Wiley has released the early view of our co-authored statement of an editorial direction for the political geography section of Geography Compass. In the essay, An active role for political geography in our current conjuncture, Kevin Grove and I describe the contours of a situation of ascendant illiberalism within which political geographers might, as we have it,
“[map] the social relations and historical processes that have come together to form our current conjuncture, and from out of which practical solutions to concrete problems might reasonably be sought” (p. 1).
Our discussion of ascendant illiberalism situates particular instances in more widespread tendencies, as we see in other commentary. For example, in this Democracy Now report on the recent election in Brazil, Brazilian history scholar James Green characterizes the Jair Bolsonaro victory in Brazil as part of “an international trend.” Our argument about political strategy also echoes recent arguments (e.g., of Eduardo Bonilla-Silva in a new issue of the journal Social Currents) that, “the fight for democracy in [our present] cannot be equated with an effort to return to ‘politics as usual’.” As we have it,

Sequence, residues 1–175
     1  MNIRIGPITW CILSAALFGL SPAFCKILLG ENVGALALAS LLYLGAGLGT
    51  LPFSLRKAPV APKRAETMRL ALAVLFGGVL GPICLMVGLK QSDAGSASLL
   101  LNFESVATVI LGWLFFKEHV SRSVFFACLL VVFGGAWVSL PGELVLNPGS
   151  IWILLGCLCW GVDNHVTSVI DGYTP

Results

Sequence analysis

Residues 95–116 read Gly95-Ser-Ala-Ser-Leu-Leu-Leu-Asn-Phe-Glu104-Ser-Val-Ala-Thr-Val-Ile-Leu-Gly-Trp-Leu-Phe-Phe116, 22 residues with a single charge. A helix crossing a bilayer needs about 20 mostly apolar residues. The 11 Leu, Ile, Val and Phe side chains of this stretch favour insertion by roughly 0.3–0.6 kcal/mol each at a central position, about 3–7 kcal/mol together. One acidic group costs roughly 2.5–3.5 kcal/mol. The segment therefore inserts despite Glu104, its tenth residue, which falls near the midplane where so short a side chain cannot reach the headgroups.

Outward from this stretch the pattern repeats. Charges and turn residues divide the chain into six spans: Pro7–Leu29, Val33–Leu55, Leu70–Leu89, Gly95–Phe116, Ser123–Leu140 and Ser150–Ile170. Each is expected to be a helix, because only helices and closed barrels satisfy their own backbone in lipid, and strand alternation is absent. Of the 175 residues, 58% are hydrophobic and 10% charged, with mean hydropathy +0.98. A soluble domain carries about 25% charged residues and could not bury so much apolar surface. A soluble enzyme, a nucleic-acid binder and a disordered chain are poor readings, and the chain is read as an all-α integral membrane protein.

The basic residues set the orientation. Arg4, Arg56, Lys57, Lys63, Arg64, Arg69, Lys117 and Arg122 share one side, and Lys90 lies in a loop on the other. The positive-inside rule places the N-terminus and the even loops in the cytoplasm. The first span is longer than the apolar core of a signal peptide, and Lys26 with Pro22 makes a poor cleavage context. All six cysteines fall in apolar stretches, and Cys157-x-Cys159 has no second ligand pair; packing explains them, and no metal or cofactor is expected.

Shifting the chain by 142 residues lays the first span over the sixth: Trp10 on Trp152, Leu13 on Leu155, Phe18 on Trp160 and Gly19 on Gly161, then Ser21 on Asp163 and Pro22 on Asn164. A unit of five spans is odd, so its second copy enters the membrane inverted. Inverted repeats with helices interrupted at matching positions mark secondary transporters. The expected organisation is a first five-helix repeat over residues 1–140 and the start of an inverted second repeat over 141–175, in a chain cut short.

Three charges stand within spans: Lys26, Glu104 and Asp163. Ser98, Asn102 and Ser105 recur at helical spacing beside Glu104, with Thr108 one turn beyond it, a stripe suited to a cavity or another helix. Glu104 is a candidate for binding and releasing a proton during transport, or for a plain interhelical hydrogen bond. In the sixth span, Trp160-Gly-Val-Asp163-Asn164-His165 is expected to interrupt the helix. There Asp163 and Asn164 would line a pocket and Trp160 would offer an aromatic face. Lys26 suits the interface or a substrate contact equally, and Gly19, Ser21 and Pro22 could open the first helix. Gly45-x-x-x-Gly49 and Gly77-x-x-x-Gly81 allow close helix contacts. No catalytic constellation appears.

“a[n] inattention to how our conjuncture has in fact emerged upon a terrain defined in part by ubiquitous rituals of neo/liberal politicking will likely function as an obstacle for any efforts to elaborate and enact strategic challenges to these regimes” (p. 1).
We accordingly propose to shape the political geography section of Geography Compass as
“an outlet for political‐geographical scholarship that is opened to the world and engaged, both in mapping the processes that come together in our current conjuncture and also thoughtfully reconfiguring the ground on which we enact politics” (p. 3).
The essay can be found here.